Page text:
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7 definitions found

From: DICT.TW English-Chinese Dictionary 英漢字典

 liv·er /ˈlɪvɚ/

From: DICT.TW English-Chinese Medical Dictionary 英漢醫學字典

 liv·er /ˈlɪvɚ/ 名詞

From: Webster's Revised Unabridged Dictionary (1913)

 Liv·er n.
 1. One who, or that which, lives.
    And try if life be worth the liver's care.   --Prior.
 2. A resident; a dweller; as, a liver in Brooklyn.
 3. One whose course of life has some marked characteristic (expressed by an adjective); as, a free liver.
 Fast liver, one who lives in an extravagant and dissipated way.
 Free liver, Good liver, one given to the pleasures of the table.
 Loose liver, a person who lives a somewhat dissolute life.

From: Webster's Revised Unabridged Dictionary (1913)

 Liv·er, n.  Anat. A very large glandular and vascular organ in the visceral cavity of all vertebrates.
 Note:Most of the venous blood from the alimentary canal passes through it on its way back to the heart; and it secretes the bile, produces glycogen, and in other ways changes the blood which passes through it. In man it is situated immediately beneath the diaphragm and mainly on the right side. See Bile, Digestive, and Glycogen.  The liver of invertebrate animals is usually made up of cæcal tubes, and differs materially, in form and function, from that of vertebrates.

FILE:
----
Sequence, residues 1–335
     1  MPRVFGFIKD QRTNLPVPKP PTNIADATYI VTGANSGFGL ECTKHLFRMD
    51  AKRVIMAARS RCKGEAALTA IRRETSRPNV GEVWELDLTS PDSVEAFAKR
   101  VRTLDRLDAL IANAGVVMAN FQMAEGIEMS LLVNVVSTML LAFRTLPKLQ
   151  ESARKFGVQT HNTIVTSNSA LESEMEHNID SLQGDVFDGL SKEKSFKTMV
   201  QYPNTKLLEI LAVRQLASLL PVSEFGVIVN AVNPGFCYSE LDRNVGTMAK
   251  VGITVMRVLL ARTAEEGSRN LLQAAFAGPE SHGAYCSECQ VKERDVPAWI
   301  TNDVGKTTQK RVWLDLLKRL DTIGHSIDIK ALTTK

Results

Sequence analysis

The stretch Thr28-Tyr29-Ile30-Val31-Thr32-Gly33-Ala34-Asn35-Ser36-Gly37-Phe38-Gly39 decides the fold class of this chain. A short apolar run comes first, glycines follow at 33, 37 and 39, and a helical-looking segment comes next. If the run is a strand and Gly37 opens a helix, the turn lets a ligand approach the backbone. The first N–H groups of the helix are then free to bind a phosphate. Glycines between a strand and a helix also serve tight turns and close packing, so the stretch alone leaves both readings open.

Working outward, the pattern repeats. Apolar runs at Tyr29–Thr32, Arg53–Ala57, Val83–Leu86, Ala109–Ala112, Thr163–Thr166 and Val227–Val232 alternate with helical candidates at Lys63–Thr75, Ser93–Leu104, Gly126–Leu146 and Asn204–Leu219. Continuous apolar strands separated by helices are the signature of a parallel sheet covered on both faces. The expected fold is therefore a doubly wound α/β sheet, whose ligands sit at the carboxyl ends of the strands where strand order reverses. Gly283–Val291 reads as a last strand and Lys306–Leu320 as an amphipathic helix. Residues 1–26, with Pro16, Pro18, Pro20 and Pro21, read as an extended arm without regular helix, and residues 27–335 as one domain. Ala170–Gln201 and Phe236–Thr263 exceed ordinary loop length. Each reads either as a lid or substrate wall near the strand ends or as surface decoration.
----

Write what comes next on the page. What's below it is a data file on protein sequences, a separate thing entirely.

Floating liver. See Wandering liver, under Wandering.
 Liver of antimony, Liver of sulphur. Old Chem. See Hepar.
 Liver brown, Liver color, the color of liver, a dark, reddish brown.
 Liver shark Zool., a very large shark (Cetorhinus maximus), inhabiting the northern coasts both of Europe and North America. It sometimes becomes forty feet in length, being one of the largest sharks known; but it has small simple teeth, and is not dangerous. It is captured for the sake of its liver, which often yields several barrels of oil. It has gill rakers, resembling whalebone, by means of which it separates small animals from the sea water.  Called also basking shark, bone shark, hoemother, homer, and sailfish; it is sometimes referred to as whale shark, but that name is more commonly used for the Rhincodon typus, which grows even larger.
 Liver spots, yellowish brown patches on the skin, or spots of chloasma.

From: Webster's Revised Unabridged Dictionary (1913)

 Liv·er n. Zool. The glossy ibis (Ibis falcinellus); -- said to have given its name to the city of Liverpool.

From: WordNet (r) 2.0

      n 1: large and complicated reddish-brown glandular organ located
           in the upper right portion of the abdominal cavity;
           secretes bile and functions in metabolism of protein and
           carbohydrate and fat; synthesizes substances involved in
           the clotting of the blood; synthesizes vitamin A;
           detoxifies poisonous substances and breaks down worn-out
      2: liver of an animal used as meat
      3: a person who has a special life style; "a high liver"
      4: someone who lives in a place; "a liver in cities"

From: Easton's 1897 Bible Dictionary

    (Heb. kabhed, "heavy;" hence the liver, as being the heaviest of
    the viscera, Ex. 29:13, 22; Lev. 3:4, 1, 10, 15) was burnt upon
    the altar, and not used as sacrificial food. In Ezek. 21:21
    there is allusion, in the statement that the king of Babylon
    "looked upon the liver," to one of the most ancient of all modes
    of divination. The first recorded instance of divination (q.v.)
    is that of the teraphim of Laban. By the teraphim the LXX. and
    Josephus understood "the liver of goats." By the "caul above the
    liver," in Lev. 4:9; 7:4, etc., some understand the great lobe
    of the liver itself.